Come here kiss dog training
OK, so we are still working on Watch Me. We understand distraction and how if we don’t deal with it, we end up with a “living room” dog. Let’s work on recall specifically and talk about some games we can play to improve our dog’s ability to recall or come when called…
Keep in mind that we will start these games in the least distracting environment and continually work in more distracting places. For example, we will begin in the house, moving to the backyard, followed by the front yard, city park, and finally, places like dog parks where the distractions are the highest. We must remember that you can not move to the higher distraction areas until we have mastered the previous one! 


Games to Play: Recall 101
As with any dog training, you need to make it fun. If the dog is not having fun, neither will you. So why look at recall any different?  We are going to introduce two games that, if used properly, will start you down the road to having a dog that always comes when called. I’m referring to ping pong and hide and seek. For now, I want you to focus on playing these games inside your house. We will expand the range and the amount of distraction in the next blog… Recall Anywhere: Recall 102.
            The first game we are going to play is ping pong. This game is very reminiscent of “monkey in the middle”, and requires two people and a dog.  The dog will be in the middle. If you don’t have another person, you can still make this game work.  We will introduce this technique in the next blog when we go outdoors to practice. So if you are solo, work on Hide and Seek, or call a friend!  Pick an area of your house with plenty of room. A hallway or large living room works great! Have each person start with 5 treats, stand at opposite ends of the room or hallway and take turns calling the dog back and forth till the treats are gone. The cue or command here is simply the dog’s name. I don’t use the word come. To me this is redundant, and just one more spoken word your dog has to master. Why not just build the understanding that when you call a dog’s name, they should check in? This game does two things.  It teaches the dog that every time they recall to their name, they get a reward (the treat) and also that when they can see you and hear you use their name, they need to come to you. I recommend practicing this game one to two times a day, with each person having five treats. As with all training, it is not the amount of training, it is the consistency in which you train. So it is better to have one good, short, positive session every day for a month than to have ten really long sessions that your dog tunes out after 10-15 minutes.
            The second game we will play is Hide and Seek, and yes, it is basically the same game you played as a kid. The major difference for the dog is that this game adds the element that they can hear you but cannot see you. However, the end result should still be the same as when playing Ping Pong…the dog needs to come when called. I know this will sound a little crazy, and it is not the first time I have been accused of being such, but you will need to have treat jars all over the house. I have eight located throughout my house! Now that you have the positive reinforcement (the treats) located all over the house, you can begin playing the game. This game complements your everyday life, by adding times to practice each time you see a treat jar. For example, I keep one jar in the laundry room and when I am doing a load of laundry I call one of my dogs to me, and if they show up they get the treat. If I am upstairs in the bathroom brushing my teeth, I call a dog, and if they show up they get a treat. Before too long, your dog realizes that even if they can not see you, but they can hear you, they need to find you.  Guess what?  They love this game too, since there is a reward when it’s done right.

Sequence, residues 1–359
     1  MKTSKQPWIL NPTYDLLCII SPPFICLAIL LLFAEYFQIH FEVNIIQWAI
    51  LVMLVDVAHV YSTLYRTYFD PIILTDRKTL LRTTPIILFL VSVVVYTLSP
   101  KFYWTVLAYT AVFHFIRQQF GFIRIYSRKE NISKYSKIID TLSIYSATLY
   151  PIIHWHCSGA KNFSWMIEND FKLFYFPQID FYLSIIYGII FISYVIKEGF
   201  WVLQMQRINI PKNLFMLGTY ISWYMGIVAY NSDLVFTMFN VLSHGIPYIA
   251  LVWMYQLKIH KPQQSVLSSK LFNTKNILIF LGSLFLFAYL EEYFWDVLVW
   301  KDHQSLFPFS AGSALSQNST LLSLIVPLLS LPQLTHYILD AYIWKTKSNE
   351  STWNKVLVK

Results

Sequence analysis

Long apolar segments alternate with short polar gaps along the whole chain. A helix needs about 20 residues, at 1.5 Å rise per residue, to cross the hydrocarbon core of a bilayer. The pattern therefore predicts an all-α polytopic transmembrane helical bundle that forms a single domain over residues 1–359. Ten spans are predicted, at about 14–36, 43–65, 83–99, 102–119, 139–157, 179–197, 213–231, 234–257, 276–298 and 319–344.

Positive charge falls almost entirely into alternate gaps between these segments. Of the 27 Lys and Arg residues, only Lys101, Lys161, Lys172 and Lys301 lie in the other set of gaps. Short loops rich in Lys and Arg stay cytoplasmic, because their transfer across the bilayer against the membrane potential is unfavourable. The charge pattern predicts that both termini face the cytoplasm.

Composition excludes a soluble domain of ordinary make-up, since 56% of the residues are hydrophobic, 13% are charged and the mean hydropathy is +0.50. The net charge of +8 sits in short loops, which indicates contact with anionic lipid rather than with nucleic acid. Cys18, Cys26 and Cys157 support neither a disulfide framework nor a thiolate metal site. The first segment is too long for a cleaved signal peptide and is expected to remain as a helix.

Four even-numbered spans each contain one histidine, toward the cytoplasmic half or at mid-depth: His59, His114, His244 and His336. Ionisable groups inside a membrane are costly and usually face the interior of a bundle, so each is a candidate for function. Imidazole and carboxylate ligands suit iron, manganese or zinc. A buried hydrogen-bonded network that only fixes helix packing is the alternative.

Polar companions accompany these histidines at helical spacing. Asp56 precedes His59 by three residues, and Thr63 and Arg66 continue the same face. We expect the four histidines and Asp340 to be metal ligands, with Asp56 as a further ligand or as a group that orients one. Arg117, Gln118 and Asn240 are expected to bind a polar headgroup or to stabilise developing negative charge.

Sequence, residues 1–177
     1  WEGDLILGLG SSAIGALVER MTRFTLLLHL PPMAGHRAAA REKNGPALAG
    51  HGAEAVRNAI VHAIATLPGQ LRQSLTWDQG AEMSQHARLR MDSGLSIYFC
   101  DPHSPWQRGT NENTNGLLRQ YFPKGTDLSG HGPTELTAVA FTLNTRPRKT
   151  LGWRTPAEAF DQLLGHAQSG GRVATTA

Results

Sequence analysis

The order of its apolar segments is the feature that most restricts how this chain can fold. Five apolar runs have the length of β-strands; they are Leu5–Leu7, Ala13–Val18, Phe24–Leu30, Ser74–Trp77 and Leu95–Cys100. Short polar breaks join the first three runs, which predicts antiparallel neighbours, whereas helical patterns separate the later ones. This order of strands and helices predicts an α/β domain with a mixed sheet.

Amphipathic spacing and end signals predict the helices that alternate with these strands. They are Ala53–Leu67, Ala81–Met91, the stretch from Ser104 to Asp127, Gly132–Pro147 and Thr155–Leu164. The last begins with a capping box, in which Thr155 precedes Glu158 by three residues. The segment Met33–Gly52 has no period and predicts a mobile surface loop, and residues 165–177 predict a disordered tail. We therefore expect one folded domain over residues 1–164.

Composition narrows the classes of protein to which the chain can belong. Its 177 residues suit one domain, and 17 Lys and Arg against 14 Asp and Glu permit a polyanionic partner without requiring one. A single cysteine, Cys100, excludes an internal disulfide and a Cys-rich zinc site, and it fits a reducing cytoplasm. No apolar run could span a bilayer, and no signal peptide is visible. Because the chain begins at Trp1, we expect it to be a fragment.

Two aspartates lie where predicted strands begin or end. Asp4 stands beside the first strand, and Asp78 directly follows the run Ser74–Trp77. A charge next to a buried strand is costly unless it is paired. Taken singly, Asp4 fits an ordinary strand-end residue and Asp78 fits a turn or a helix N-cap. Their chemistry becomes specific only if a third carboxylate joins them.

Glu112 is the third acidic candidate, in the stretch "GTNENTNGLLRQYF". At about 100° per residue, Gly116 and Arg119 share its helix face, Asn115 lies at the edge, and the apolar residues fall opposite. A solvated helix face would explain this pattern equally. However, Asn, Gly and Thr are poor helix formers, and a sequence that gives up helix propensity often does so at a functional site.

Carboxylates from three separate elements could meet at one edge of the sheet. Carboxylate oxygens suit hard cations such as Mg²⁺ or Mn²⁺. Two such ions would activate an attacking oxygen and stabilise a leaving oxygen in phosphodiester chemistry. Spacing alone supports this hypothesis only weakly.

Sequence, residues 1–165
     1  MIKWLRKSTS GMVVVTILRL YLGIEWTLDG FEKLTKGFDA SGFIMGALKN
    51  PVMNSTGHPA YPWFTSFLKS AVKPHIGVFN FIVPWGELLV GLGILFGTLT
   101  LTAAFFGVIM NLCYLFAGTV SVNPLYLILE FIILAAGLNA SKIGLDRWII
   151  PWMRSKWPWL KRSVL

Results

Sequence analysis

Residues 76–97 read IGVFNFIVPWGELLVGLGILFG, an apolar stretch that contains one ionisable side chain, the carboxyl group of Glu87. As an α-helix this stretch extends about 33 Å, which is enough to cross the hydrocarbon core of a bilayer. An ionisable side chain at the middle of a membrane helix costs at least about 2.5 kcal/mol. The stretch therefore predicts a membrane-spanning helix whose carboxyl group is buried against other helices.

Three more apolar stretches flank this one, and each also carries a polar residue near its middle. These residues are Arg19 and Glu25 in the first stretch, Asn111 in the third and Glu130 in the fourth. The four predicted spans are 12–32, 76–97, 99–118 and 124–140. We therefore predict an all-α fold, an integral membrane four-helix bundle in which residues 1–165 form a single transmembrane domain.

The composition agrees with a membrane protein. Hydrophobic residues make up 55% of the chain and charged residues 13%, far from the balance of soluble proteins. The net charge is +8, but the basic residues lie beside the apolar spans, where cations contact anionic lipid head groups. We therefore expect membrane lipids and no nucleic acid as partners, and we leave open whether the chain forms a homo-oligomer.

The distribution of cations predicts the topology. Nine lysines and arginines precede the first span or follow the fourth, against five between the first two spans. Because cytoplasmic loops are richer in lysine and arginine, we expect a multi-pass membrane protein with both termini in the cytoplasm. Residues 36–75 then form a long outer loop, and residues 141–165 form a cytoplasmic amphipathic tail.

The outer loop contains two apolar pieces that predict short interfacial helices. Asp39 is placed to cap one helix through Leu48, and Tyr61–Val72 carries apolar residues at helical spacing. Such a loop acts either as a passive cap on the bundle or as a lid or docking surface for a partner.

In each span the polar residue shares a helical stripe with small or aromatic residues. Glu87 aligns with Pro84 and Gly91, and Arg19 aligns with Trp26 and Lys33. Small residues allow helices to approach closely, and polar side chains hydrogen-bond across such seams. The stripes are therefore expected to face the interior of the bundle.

To add a twist, incorporate another person into the game. Have one person hold the dog while the other goes and hides somewhere in the house with a Jackpot of treats (2 or 3) in their hand, and then they call the dog. When the dog eventually finds you they get the Jackpot of treats! I will be completely honest; adults hide in really boring places!  So if there are kids in the family, this is one of the best times involve them. My six-year-old will actually make his bed so that he can pretend to be a pillow under the covers to try and trick the dog. What an unexpected benefit of dog training…a six-year-old that makes his bed!
            Practice these games for a couple of weeks, but be aware that just because they work in the house does not mean they will work in the big, wide world outside the house. In fact, that is exactly what we will tackle in the next blog…how to recall effectively with distractions like those found outside your front door: Recall Anywhere: Recall Part 2.
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